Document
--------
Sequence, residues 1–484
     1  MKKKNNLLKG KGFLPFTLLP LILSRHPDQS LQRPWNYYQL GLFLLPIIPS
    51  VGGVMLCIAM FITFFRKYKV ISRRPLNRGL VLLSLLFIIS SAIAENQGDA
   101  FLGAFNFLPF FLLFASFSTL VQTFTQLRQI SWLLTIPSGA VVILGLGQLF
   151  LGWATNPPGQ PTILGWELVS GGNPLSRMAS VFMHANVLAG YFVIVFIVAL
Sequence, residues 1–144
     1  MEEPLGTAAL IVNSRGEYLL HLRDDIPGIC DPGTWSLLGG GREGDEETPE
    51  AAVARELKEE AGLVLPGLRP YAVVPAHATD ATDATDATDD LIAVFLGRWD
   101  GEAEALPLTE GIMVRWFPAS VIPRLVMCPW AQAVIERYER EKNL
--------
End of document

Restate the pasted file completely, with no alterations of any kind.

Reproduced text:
Sequence, residues 1–484
     1  MKKKNNLLKG KGFLPFTLLP LILSRHPDQS LQRPWNYYQL GLFLLPIIPS
    51  VGGVMLCIAM FITFFRKYKV ISRRPLNRGL VLLSLLFIIS SAIAENQGDA
   101  FLGAFNFLPF FLLFASFSTL VQTFTQLRQI SWLLTIPSGA VVILGLGQLF
   151  LGWATNPPGQ PTILGWELVS GGNPLSRMAS VFMHANVLAG YFVIVFIVAL
Sequence, residues 1–144
     1  MEEPLGTAAL IVNSRGEYLL HLRDDIPGIC DPGTWSLLGG GREGDEETPE
    51  AAVARELKEE AGLVLPGLRP YAVVPAHATD ATDATDATDD LIAVFLGRWD
   101  GEAEALPLTE GIMVRWFPAS VIPRLVMCPW AQAVIERYER EKNL